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Thread: Physical Gold - Why?

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    Jun 2006
    US, Europe and Asia

    Default Physical Gold - Why?

    Physical Gold - Why?

    by Paul Tustain (BullionVault)

    April 15, 2007

    Note: I learned about BullionVault (BV) about a year ago from a friend who is a partner in a Boston Venture Capital firm. He asked me to call Managing Director (the UK equivalent of a CEO) Paul Tustain, to assist my Boston friend to see if I can help get him into a round of funding that Paul was raising for BV, and to assist with due diligence. Turns out that before founding BullionVault in 2002 Paul, like me, ran a couple VC-backed high tech companies, plus we both know our gold history, so we hit it off right away. In several conversations I've had with Paul, and I will interview him in the coming weeks, I have concluded that he is the smartest guy in the gold business. His company uniquely provides a service that offers all the advantages of owning physical gold but without the disadvantages of keeping it in your home or in a safe deposit box, and even protects it from political events which may some day limit US citizens' access to the physical gold they own and hold in the US. Because the BV service is a unique way to own gold, it is also more difficult to comprehend than more familiar methods, such as stocks, coins, and ETFs. To address this we plan to run, with Paul's permission, a few of his notes on BV here. -Eric Janszen

    Why does BullionVault make sure you get outright physical ownership of gold? After all, it would be so much easier to offer you a gold account.

    The reason is risk of default. One of the patterns which recurs throughout history is that growing financial sophistication leads to widespread expansion of credit and exposure to default, and few people successfully avoid it when it matters.

    Banks, pension savings, mortgage guarantors and all the major financial institutions on which we depend are now tied up in a web of undelivered assets. A is the registered owner of a bond payable by B, the principal on which has been credit-swapped out to C. The terms are controlled by a deed drafted by an investment bank D, which itself receives the interest, which has been aggregated with 30 others and sold notionally to E. E is foreign, and flattens the FX risk with a bank F, who sells and rolls a future on his long currency book, which is bought by another bank for an assured profit by running the position against a higher yield bond bought from a junk-status borrowing customer, which has been insured against the risk of default with G, a major insurer, who happens also to be A.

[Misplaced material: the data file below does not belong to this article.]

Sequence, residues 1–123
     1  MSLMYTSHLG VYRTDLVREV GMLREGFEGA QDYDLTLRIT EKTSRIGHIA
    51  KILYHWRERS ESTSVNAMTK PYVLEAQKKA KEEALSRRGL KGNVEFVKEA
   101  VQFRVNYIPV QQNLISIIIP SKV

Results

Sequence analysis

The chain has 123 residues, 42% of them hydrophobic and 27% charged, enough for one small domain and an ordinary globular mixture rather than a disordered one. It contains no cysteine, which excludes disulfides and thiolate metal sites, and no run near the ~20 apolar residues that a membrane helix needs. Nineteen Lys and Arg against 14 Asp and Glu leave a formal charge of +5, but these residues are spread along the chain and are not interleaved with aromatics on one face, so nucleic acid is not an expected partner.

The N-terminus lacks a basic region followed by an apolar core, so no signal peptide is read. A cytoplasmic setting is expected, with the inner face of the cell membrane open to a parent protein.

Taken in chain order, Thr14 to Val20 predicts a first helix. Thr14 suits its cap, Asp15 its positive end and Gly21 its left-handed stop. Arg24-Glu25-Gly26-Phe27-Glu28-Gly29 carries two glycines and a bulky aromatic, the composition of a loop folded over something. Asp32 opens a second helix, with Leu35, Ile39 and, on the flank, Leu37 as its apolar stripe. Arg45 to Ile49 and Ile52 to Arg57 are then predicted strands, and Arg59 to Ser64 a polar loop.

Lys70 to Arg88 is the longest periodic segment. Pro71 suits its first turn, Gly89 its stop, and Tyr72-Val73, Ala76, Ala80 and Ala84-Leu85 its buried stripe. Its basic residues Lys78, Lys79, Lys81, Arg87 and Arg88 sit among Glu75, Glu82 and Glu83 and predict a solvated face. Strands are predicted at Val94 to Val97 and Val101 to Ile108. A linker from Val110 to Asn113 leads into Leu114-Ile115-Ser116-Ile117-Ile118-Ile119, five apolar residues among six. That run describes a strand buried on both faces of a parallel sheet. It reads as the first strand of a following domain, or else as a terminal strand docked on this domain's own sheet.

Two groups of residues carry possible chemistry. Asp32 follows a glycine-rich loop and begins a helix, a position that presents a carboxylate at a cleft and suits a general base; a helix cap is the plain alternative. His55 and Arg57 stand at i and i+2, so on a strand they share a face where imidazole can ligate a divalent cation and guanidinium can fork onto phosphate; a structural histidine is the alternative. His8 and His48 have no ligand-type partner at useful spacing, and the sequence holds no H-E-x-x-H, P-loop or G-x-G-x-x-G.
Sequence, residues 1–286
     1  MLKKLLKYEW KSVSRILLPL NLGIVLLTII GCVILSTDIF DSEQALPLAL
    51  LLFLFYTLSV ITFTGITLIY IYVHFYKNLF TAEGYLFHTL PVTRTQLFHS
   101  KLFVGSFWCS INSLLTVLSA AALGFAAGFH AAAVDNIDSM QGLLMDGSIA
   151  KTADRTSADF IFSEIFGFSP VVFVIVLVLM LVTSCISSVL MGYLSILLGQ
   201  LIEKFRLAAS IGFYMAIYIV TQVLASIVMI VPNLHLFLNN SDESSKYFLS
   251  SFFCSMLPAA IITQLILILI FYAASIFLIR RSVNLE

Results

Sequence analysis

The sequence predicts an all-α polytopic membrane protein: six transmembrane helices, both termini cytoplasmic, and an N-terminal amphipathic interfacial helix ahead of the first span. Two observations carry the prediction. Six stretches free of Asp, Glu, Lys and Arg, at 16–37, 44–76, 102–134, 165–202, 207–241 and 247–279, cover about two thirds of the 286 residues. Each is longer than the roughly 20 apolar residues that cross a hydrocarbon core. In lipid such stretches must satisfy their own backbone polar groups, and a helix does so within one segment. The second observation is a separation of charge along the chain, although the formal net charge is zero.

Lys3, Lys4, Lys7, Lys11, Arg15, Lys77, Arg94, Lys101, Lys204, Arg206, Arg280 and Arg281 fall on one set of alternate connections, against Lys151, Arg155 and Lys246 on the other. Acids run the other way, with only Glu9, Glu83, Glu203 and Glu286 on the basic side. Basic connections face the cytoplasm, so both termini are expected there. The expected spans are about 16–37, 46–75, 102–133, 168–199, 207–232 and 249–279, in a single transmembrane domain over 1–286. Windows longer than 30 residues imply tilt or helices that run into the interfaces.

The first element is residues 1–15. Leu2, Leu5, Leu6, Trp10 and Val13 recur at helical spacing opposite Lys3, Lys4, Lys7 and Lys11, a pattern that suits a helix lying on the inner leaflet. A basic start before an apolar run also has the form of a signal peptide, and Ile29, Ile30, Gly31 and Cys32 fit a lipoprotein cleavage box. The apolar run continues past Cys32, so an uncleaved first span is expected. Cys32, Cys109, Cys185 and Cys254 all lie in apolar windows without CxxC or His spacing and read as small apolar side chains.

These are the styles of relationship which dominate the world in which ordinary peoples' savings are bound up, and they are profitable in the short term. This is why financial rather than commercial companies increasingly dominate the list of the top companies in America and Europe. They find it easier to make profits by providing credit and assuming eventual repayment, rather than by actually demanding settlement; a habit which could put off no end of potential customers.

    All our common savings products are bound up in these webs. At BullionVault we do not know when and where these webs will break, and, with the greatest possible respect, we don't think you do either. But it is so certain that they will break, and at an unexpected place and time, that we believe every forward thinking person with a respectable private reserve would do well to opt out with at least part of their savings.

    A purchase of gold is a good way to do this. But gold accounts, indexes, spread bets, and futures all fail to extricate the buyer from the web of dependencies, because they are based on undelivered gold. The only way to opt out of the web is to own physical property outright.

    This is why BullionVault has concentrated on being the best way in the world to do just that.


    Paul Tustain, Director


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    Last edited by FRED; 04-15-07 at 03:18 PM.



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